NASA reiterates Mars-probe plans
LOS ANGELES — NASA said Friday it will press ahead with plans to launch a supersized rover to Mars next year despite spiraling costs and schedule pressures.
The decision to maintain the status quo - at least for now - came after the space agency’s top managers met to mull over the progress of the Mars Science Laboratory, a souped-up, nuclear-powered rover.
Concerns have been raised about how to pay for the project’s escalating costs and whether engineers can ready the rover in time for a safe launch next fall. NASA has poured $1.5 billion into the project but the final price tag is expected to be close to $2 billion.
Doug McCuistion, who heads the Mars exploration program at NASA headquarters, said significant work lies ahead and the space agency will revisit the mission’s progress in January. Meanwhile, “our intent is to keep our eye on the ball and keep pressing” for a 2009 liftoff, Mr. McCuistion told reporters in a conference call.
Simpson files bid for new hearing
LAS VEGAS — Lawyers for O.J. Simpson are citing judicial errors and insufficient evidence as they seek a new trial.
They filed documents Friday in Las Vegas with Judge Jackie Glass, who oversaw the trial at which the former football star was convicted of robbing two memorabilia dealers at gunpoint.
If she doesn’t grant a new trial, Simpson attorney Yale Galanter says he will appeal to the Nevada Supreme Court.
Attorneys for co-defendant Clarence “C.J.” Stewart also plan to seek a new trial. They have argued that their client should have been tried separately from Simpson.
Simpson and Stewart were convicted this month and face up to life in prison when they are sentenced in December.
Army rejects trial in beating case
SAVANNAH, Ga. — An Army trainee will face nonjudicial punishment rather than criminal charges for beating a Jewish soldier so badly he was treated by a hospital, the military said Friday, in a move that keeps many details of the attack secret.
Fort Benning commanders decided not to seek a court-martial in the attack on Pvt. Michael Handman and will resolve it as a personnel matter rather than a crime.
Spokeswoman Monica Manganaro said Friday privacy restrictions prohibited the Army from releasing further information such as the soldier’s name and his specific punishment. She said investigators determined religious bigotry wasn’t the motive in the attack, but gave no more details.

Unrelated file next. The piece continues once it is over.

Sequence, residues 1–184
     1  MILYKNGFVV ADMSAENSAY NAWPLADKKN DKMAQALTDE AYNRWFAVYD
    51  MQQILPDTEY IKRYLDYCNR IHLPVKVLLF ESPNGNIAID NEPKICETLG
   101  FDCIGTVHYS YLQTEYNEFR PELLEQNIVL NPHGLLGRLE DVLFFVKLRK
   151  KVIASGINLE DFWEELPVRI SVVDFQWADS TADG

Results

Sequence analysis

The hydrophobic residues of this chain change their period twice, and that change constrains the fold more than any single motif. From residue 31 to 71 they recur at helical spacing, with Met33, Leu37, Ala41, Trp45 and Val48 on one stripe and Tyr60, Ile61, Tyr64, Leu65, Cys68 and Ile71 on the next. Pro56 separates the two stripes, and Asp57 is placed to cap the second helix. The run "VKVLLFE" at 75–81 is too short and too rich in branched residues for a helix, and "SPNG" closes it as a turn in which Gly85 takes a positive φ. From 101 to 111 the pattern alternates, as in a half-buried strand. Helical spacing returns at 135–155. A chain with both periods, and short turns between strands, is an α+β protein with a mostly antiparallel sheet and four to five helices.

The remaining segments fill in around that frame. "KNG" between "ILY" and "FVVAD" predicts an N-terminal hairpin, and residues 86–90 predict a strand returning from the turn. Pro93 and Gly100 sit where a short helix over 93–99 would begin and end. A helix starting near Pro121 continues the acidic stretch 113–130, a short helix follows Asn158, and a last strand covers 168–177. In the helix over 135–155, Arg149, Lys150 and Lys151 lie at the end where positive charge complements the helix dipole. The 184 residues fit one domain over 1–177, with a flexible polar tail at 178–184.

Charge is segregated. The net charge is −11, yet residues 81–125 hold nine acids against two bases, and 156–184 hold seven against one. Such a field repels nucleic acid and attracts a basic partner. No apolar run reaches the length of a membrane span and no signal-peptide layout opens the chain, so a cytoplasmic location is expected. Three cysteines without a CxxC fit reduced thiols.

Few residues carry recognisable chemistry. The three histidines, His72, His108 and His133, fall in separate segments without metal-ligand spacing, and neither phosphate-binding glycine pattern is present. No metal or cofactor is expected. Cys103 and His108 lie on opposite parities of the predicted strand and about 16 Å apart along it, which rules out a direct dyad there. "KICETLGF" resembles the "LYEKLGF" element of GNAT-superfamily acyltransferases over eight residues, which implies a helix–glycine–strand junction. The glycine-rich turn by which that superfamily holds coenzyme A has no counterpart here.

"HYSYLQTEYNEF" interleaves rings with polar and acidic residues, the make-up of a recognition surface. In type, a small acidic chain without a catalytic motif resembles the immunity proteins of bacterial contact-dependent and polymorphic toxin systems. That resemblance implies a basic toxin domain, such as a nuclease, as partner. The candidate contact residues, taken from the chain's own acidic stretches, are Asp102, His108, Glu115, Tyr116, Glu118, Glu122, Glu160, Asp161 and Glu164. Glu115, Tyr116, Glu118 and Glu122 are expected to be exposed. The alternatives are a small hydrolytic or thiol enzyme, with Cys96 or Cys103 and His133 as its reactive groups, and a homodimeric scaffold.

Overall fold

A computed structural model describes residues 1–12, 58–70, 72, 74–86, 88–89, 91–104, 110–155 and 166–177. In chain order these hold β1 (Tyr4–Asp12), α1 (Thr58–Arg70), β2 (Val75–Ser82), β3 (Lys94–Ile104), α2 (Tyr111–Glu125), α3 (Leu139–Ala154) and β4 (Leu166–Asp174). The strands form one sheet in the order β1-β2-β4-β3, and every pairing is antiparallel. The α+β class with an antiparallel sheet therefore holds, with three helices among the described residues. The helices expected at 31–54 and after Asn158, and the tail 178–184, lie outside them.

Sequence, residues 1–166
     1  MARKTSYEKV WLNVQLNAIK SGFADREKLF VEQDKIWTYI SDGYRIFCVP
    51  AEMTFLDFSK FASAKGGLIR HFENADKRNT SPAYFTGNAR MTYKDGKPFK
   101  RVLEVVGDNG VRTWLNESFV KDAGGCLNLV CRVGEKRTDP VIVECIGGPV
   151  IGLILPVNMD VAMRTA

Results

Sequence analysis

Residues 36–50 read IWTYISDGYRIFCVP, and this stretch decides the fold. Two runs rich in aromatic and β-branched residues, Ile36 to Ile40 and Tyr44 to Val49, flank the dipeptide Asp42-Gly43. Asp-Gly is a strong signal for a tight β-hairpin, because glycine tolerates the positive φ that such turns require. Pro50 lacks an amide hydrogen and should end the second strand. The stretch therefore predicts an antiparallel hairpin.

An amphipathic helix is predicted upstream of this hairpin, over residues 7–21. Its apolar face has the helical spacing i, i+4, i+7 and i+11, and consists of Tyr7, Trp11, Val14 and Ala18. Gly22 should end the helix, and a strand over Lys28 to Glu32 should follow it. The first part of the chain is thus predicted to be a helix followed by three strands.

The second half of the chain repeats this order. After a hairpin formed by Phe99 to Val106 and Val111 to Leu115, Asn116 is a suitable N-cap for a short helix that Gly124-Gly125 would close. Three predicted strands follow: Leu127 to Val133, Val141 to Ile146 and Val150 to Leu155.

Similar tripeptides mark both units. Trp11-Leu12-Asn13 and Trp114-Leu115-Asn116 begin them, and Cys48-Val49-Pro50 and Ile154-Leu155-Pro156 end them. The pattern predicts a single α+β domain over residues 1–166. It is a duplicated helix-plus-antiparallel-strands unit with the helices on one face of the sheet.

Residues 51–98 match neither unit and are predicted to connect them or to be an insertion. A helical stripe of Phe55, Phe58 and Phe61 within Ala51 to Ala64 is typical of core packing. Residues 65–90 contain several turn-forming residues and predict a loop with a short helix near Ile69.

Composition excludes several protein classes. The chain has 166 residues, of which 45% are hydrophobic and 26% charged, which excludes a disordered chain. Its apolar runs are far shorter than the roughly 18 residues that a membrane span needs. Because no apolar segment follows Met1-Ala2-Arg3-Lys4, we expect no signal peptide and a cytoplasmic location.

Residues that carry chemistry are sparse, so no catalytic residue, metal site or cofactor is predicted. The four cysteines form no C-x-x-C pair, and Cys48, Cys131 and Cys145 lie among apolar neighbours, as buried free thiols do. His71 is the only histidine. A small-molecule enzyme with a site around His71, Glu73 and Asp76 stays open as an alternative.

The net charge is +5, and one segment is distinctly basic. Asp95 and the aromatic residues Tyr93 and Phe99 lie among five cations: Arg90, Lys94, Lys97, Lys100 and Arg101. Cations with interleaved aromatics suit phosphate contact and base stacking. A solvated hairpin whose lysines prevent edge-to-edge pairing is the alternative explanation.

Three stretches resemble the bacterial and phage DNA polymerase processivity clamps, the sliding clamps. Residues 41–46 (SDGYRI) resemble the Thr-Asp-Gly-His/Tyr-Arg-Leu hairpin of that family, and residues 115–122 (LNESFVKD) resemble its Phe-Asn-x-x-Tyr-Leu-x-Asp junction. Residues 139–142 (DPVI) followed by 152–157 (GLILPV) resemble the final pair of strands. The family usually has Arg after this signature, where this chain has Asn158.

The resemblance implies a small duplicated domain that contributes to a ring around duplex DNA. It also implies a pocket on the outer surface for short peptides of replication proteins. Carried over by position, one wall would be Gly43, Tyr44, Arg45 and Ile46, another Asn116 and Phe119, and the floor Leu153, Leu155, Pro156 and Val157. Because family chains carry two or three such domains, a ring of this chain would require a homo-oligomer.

Pvt. Handman was attacked Sept. 24 in a laundry room near his barracks days after complaining of being harassed by drill sergeants because he is Jewish. The 20-year-old was treated at a hospital for a concussion and bruising to his face. He has since returned to basic training.
“I’m infuriated,” Jonathan Handman, the beaten soldier’s father, said Friday. “The Army’s continuing to do what they tried to do from the beginning, which is just shovel this under the carpet. It should be treated and charged as a hate crime.”
Rat-hunter woman causes lockdown
HENDERSONVILLE, N.C. — Police in North Carolina say a woman hunting rats on her property caused a scare at a neighboring public school.
The Times-News of Hendersonville reported Friday that a bus driver saw the woman and officials thought she was an armed student on school property. So they kept students and staff inside the Balfour Education Center for about an hour until police determined she wasn’t a threat.
Authorities say the woman wasn’t on school property, wasn’t doing anything wrong and had a rifle to shoot rats. She wasn’t identified.
Sheriff Rick Davis says a call to authorities about the woman was properly handled.
Fatal crash mars balloon fiesta
BERNALILLO, N.M. — A hot air balloon crashed into power lines and burst into flames Friday during Albuquerque’s annual balloon fiesta, throwing both men on board to the ground and killing one of them.
Witnesses said that winds had picked up a bit and that many of the balloons were flying low right before the Wings of Wind balloon crashed in Bernalillo, just north of Albuquerque.
Stephen Lachendro of Butler, Pa., was killed and Keith Sproul of North Brunswick, N.J., was critically injured. Kathie Leyendecker, a spokeswoman for the Albuquerque International Balloon Fiesta, said she did not know who was piloting the balloon.
Mr. Lachendro was found dead at the scene on the side of a ditch; Mr. Sproul was unconscious and taken to the hospital, Rio Rancho Fire Battalion Chief Paul Bearce said.
“I couldn’t believe it,” said Glenn Vonderahe, a witness. “I saw the balloon and the next thing I knew, there was a lot of fire and smoke. There was total fire under the balloon.”
Videotaped murder brings death penalty
INDEPENDENCE, Mo. — A suburban Kansas City man who videotaped the death of a woman he suffocated during sex has been sentenced to death.
Richard Davis was sentenced Friday for killing 41-year-old Marsha Spicer in May 2006. A jury convicted the 44-year-old Davis of first-degree murder in July.
Davis received sentences of life imprisonment on more than 20 other charges. He was also previously found guilty in the sexual attack of a 36-year-old woman in April 2006 and is charged with capital murder in her death.
• From wire dispatches and staff reports